Although the odds of your plan being audited are low, if the DOL or the IRS perceives some elevated risk of noncompliance, your chances of an audit will go up substantially.

It Begins with a Letter

The DOL and the IRS initiate their audit process through what they call an Information Request Letter. The Information Request Letter indicates the date the audit team plans its on-site visit to review documents and conduct interviews with individuals who have responsibilities in the administration of the plan. The letter also lists specific information that is to be made available to the auditor(s). This list often provides insight into the types of violations the auditor will be looking for during the audit.

The following list summarizes a DOL Information Request Letter that was recently sent to one of our clients regarding its pension plan. Looking at the list, it is apparent the focus is on fees and expenses.

  1. Corporate minutes
  2. Trust reports showing all receipts and disbursements
  3. Detailed documentation of fees and expenses paid from the trust
  4. Documentation regarding alternative investments
  5. Documents showing valuation of assets if assets are not readily tradable
  6. Service agreements and engagement letters
  7. Fee disclosure statements
  8. List of parties-in-interest
  9. Organization chart of the plan sponsor
  10. Trustee and investment committee minutes
  11. Plan documents, summary plan description, trust agreements, investment policy statements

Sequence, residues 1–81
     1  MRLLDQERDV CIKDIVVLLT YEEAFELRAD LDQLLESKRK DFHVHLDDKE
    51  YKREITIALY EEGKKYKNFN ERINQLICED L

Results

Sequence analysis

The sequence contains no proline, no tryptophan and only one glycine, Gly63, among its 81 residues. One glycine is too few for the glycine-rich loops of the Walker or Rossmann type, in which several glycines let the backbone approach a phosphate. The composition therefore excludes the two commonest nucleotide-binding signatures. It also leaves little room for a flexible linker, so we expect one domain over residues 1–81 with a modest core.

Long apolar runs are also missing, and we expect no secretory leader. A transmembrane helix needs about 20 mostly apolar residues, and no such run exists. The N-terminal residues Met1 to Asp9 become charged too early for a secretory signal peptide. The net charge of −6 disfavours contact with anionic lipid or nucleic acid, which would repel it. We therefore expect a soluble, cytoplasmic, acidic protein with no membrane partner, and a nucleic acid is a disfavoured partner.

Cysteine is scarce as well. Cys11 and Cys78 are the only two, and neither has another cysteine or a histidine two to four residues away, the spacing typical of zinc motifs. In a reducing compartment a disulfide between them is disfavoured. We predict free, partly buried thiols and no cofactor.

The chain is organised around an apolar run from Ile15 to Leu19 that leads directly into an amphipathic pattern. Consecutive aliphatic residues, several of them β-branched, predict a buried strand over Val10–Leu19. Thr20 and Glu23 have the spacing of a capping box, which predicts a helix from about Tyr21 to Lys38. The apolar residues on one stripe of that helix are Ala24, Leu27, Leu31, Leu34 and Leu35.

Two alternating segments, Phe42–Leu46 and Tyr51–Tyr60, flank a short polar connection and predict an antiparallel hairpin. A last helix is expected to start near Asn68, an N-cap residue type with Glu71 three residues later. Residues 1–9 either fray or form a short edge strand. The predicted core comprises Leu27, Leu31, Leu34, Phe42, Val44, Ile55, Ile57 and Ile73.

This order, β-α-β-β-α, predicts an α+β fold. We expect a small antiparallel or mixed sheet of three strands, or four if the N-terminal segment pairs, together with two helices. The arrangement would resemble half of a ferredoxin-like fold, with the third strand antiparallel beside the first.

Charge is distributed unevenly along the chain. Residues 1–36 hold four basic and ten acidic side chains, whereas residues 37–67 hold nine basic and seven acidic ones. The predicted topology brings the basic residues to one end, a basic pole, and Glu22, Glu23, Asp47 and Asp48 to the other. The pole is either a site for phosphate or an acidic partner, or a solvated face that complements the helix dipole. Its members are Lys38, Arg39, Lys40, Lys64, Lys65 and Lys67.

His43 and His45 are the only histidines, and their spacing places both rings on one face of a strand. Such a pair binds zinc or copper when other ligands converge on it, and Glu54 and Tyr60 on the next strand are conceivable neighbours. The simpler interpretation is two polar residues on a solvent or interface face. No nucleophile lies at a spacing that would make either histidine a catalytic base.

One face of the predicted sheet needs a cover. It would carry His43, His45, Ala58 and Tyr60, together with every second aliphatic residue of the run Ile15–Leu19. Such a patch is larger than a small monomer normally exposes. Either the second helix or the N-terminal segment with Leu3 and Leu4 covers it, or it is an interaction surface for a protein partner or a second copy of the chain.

12. Summary annual reports
  13. Participant statements
  14. Evidence of fidelity bond, fiduciary liability insurance policy, if any
  15. Fiduciary training

For this client, follow-up questions focusing specifically on items 3, 6, and 7 required more detailed responses about the nature of the services provided and the fees charged. In DOL audits of defined contribution plans, we typically see a focus on fees and the timing of deposits.

Preparing for the Audit

It goes without saying, both preparation and attention to detail are essential for a positive audit experience. If you receive an Information Request Letter, don’t panic, but do recognize that you’ll need to immediately begin preparing for the audit process.

Your goal for the on-site visit is to make the auditors’ tasks as efficient as possible. Being difficult, defensive, or uncooperative is counterproductive; it wastes time, and it won’t make the auditors go away. Instead, use your time to review all of your plan documentation and begin collecting and organizing the information requested before the first auditor steps through your door. Investing ample time and energy before the on-site visit will insure that your entire team is fully prepared for dialogue, questions, and requests for further information during the on-site visit.